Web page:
In fact, India looked pretty safe on the final afternoon at 6-246. But then Sarfraz Nawaz dismissed Gavaskar, and Indian innings folded just before the tea break.
The Paks needed 164 runs for victory and it seemed that time was against them. But they produced a superb run chase reaching 164 for 2 in less than 25 overs thanks to some brilliant batting by Javed Miandad, Aisf Iqbal and Imran khan. Obviously, they had changed their batting lineup to suit the demand of the situation.
Clive Lloyd 60* against England at the Oval in Aug 1984
This was the last Test match of the series and it would be Lloyd’s final Test match on English soil. The Windies were on the brink of a historic clean sweep of a five-match series in England.
But things didn’t start well for them. Lloyd won the toss and decided to bat first. While debutant Jonathan Agnew wasted the new ball bowling too short and too wide, the remaining English bowlers showed excellent discipline and they got good support from the conditions.
The English bowlers had also made a good start in the previous Test at the Old Trafford, but there a Gordon Greenidge double hundred and a Jeff Dujon hundred had led to a successful WI recovery. Here, even Greenidge and Dujon perished cheaply, and when Richard Ellisson, another England debutant, dismissed Malcolm Marshall for a duck, the scoreboard read 6-70.
It seemed that England might be on course for a consolation victory.
But, Lloyd, the WI captain, was holding one end in a determined fashion.
And he eventually got support from the No.8 bat. Eldine Baptiste was a highly respected all-rounder in county cricket playing for Kent. He was a fine ODI player as well, but with the WI Test team he was a fringe player.
He was the fourth seamer, and a useful lower-order bat. He was kind of a lucky charm for the team -he played ten Tests for WI and they won all of these. I must add that the Windies team at the time didn’t need much luck anyway.
Here, Baptiste, along with his captain, started the recovery act. The pair added 54 runs before Baptiste was dismissed. But Lloyd wasn’t finished yet. He carried on the fight along with the tail-enders. Roger Harper made 18, and Joel Garner, the no.11, contributed six.
But more importantly, the last wicket partnership produced 36 valuable runs, as the tall Guyanese left-hander looked at his majestic best.
Thanks mainly to their captain WI ended their first innings at 190. The fast bowlers then took over and England was restricted to 162 on the next day as Malcolm Marshall took 5 for 35 – Wisden later described this as an ‘almost brutal display of fast bowling’.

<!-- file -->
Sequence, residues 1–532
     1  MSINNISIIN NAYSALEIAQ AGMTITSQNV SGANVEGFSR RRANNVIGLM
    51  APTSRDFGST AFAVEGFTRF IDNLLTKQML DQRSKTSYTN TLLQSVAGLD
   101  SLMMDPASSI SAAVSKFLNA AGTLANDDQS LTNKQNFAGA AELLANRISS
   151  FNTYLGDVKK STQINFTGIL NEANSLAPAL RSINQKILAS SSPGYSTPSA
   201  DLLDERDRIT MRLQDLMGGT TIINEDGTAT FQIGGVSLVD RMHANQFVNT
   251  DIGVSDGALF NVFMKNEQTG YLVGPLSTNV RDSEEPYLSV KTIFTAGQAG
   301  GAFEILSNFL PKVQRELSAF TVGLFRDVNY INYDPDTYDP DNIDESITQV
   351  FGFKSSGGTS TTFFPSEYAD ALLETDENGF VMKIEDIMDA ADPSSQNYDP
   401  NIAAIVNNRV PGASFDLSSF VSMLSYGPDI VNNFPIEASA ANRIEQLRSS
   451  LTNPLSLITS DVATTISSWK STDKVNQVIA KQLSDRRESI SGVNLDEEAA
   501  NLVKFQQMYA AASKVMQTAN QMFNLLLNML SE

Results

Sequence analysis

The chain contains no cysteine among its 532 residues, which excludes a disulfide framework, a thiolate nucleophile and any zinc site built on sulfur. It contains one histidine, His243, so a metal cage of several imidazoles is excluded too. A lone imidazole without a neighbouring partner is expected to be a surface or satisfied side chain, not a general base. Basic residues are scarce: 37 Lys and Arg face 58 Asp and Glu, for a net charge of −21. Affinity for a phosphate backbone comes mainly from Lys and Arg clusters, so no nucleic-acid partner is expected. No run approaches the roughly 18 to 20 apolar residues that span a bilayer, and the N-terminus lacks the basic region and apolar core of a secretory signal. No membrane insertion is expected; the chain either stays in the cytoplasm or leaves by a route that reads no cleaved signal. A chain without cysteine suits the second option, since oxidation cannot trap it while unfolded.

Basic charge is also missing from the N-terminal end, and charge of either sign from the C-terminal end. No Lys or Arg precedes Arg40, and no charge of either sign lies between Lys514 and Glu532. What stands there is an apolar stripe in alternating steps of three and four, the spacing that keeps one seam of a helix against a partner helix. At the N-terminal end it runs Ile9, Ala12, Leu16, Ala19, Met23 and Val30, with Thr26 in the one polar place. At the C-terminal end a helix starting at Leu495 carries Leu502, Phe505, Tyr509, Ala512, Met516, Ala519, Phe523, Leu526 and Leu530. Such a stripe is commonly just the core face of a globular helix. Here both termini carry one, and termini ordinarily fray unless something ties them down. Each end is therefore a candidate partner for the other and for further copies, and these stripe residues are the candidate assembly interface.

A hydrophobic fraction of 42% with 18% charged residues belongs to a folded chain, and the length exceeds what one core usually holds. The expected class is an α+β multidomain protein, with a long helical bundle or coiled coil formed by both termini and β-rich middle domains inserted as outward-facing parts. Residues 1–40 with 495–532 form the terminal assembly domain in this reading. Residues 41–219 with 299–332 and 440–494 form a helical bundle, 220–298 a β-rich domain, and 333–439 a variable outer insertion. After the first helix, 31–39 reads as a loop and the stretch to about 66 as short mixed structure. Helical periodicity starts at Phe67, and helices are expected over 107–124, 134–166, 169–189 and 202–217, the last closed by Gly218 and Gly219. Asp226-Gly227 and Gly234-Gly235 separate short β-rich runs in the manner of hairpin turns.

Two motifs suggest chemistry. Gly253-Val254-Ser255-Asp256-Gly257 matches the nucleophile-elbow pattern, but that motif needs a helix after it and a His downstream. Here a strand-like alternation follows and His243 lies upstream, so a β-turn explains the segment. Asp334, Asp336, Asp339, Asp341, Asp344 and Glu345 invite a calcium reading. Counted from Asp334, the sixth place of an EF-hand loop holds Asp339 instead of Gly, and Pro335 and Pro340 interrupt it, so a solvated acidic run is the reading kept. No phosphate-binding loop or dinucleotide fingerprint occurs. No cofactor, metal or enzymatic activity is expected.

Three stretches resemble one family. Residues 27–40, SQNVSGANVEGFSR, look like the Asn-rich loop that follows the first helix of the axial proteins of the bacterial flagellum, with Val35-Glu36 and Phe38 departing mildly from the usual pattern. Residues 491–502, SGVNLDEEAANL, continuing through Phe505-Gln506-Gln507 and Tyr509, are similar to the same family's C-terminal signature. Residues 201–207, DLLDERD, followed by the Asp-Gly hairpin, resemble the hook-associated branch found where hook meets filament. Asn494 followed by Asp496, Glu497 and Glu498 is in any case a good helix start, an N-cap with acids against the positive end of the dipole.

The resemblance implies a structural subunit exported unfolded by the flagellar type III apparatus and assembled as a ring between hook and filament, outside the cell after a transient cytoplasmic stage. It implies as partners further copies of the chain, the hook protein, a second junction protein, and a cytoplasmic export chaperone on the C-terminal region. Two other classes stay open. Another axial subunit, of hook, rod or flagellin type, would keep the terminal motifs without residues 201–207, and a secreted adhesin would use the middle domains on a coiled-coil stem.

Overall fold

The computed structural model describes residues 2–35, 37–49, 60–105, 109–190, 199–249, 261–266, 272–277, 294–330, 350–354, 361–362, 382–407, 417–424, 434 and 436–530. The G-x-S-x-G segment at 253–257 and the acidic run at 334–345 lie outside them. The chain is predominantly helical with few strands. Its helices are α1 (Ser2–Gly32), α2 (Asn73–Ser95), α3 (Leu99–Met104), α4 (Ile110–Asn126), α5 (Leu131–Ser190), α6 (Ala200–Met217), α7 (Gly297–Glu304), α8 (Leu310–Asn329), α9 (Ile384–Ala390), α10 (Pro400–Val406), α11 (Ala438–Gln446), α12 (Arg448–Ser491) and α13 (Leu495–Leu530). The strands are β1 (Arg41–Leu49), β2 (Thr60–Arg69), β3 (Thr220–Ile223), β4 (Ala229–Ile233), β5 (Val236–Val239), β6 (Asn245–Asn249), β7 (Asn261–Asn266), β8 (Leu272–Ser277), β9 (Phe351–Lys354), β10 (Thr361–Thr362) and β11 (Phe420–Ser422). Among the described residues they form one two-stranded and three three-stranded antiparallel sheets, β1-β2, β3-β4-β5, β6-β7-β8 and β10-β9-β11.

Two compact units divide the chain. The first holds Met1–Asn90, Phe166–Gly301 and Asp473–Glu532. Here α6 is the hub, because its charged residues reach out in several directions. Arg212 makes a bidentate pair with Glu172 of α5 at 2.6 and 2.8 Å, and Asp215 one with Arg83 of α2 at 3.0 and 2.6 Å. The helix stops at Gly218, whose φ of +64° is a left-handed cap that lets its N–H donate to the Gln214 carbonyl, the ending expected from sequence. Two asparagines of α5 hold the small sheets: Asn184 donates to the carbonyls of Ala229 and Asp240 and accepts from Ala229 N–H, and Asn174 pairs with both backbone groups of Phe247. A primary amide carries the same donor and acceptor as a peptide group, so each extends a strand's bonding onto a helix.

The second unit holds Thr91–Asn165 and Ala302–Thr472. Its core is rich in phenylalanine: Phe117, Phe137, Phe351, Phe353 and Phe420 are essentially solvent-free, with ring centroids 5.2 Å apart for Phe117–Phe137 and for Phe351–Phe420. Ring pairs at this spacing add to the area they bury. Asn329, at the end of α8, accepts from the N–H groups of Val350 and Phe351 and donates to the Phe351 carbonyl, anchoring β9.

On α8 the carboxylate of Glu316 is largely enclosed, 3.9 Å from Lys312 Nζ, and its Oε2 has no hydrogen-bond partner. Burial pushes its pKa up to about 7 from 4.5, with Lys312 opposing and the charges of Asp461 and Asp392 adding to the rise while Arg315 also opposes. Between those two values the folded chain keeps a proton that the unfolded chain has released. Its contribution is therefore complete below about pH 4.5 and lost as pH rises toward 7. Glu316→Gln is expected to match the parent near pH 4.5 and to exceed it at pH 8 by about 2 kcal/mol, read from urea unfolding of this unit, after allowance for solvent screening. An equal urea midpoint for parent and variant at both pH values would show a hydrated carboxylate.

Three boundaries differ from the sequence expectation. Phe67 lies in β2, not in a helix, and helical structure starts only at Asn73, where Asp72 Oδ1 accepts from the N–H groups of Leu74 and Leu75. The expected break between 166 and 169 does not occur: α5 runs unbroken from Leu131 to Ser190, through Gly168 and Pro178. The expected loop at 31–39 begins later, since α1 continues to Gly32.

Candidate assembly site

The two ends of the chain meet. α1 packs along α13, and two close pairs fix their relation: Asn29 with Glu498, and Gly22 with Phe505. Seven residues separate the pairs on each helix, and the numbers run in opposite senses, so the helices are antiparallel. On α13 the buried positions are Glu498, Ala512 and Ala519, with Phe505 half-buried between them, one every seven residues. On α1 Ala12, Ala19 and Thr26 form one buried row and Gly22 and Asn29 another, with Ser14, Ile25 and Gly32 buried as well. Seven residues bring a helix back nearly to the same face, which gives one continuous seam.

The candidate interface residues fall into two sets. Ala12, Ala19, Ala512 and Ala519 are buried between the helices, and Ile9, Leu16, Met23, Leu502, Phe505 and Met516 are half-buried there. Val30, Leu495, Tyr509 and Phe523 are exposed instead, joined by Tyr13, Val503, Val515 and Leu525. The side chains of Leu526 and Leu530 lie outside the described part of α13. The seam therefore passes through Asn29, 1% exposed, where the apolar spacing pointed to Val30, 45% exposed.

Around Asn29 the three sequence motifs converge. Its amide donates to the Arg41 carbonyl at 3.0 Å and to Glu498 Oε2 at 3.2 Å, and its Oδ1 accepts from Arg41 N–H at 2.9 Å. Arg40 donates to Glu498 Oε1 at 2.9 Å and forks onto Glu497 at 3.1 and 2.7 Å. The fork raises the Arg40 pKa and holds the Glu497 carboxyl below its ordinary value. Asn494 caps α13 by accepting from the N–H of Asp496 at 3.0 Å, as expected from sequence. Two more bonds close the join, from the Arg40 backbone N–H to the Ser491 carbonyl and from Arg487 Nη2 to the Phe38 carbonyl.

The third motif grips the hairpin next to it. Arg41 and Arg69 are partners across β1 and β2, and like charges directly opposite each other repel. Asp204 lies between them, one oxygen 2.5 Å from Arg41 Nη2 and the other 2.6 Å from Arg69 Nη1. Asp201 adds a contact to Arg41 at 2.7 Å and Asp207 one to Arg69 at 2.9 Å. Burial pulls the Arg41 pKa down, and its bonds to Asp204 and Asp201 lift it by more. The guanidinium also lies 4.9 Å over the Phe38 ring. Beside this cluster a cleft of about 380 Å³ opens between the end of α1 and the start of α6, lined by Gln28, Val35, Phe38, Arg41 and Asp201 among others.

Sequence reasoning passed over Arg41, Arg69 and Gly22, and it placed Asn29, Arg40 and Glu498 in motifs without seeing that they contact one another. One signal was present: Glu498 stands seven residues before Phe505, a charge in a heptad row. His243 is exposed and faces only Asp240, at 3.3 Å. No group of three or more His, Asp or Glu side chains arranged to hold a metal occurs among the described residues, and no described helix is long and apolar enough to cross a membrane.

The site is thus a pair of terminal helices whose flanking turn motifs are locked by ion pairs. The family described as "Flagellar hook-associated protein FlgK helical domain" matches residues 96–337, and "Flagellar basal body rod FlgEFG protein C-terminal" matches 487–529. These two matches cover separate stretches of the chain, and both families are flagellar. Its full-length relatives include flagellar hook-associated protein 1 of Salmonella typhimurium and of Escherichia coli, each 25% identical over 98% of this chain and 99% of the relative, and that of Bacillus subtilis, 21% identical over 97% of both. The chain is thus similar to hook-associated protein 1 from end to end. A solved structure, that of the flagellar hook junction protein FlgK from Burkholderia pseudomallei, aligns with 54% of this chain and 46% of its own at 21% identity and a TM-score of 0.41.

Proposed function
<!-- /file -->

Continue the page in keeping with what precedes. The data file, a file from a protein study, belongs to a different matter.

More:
And in the English second innings, Michael Holding revived memories of his 1976 heroics taking 5 for 43. This was Holding’s last Test in England as well.
The Englishmen could consider themselves a bit unlucky to lose 5-0. Except the first Test at Edgbaston where they were outplayed right from the word go they had chances in all the remaining matches. It was the depth of talent of the WI team and their ability to play the big points better that made the clean sweep possible.
In about 20 months’ time, WI, this time led by Viv Richards, would inflict another humiliating 5-0 clean sweep on England. This time, it was as one-sided as it can be.
Ian Botham (66) against Ind at Delhi, Dec 1981
This match was always destined to be a draw. Not only was the pitch very slow, but both sides showed their negative intents in team selection. England had Mike Gatting at No.7 and went into the match with only four frontline bowlers. India was worse, with Ravi Shastri showing increasing focus in his batting, they only had three frontline bowlers.
The opening day crowd at the Feroz Shah Kotla was both lucky and at the time a bit unlucky. They were lucky in the sense that they saw history being made; late on the day, Geoffrey Boycott overtook Sir Gary Sobers’ record as the leading run-scorer in Test cricket.
They were unlucky in the sense that they saw Boycott batting in his usual fashion for the whole day. After five-and-a-half-hours of cricket, England finished the day at 1-190 with Boycott 90*.
Boycott duly completed his hundred the next morning and Chris Tavare also scored 149, his first Test ton. For Boycott, this would be his last Test century. It seemed that England was batting to save the match and there was no attempt to raise the tempo.
But the arrival of the ‘Beefy’ changed everything. Coming to the crease late on the second day with the score reading 4-368, he immediately went into the fourth gear.
The Indian spinners Dilip Dishi and Shashtri were bowling flat trajectories, making it very difficult for the opposition batsmen to play lofted shots. But Botham was on the mood and there was no stopping his stroke-play.
It was Christmas Eve, but Botham seemed to be the only player to be in a festive mood. Everyone else seemed preoccupied with saving the match. No one was bothering about entertaining the patient Delhi crowd.
Botham was dismissed for 66 early on the third morning on the boxing day. His 48-ball innings included two fours and five sixes. The home crowd gave him a standing ovation.
Botham’s dismissal ended the fun for the crowd. Eng declared on 9-476. But the home side batted with caution to save the match. Gundappa Vishwanath scored a fine hundred, but even normally flamboyant Kapil Dev took 42 balls to score 16 runs.
England relied heavily on Derek Underwood, but while he was accurate the veteran Kent spinner no longer had the venom of his heydays. He took 2 for 97 from 48 overs.
Botham did score 142 in the rain-affected sixth Test at Kanpur, but this time it was his rival Kapil who provided the main entertainment, smashing 116 from 98 balls in the drawn match.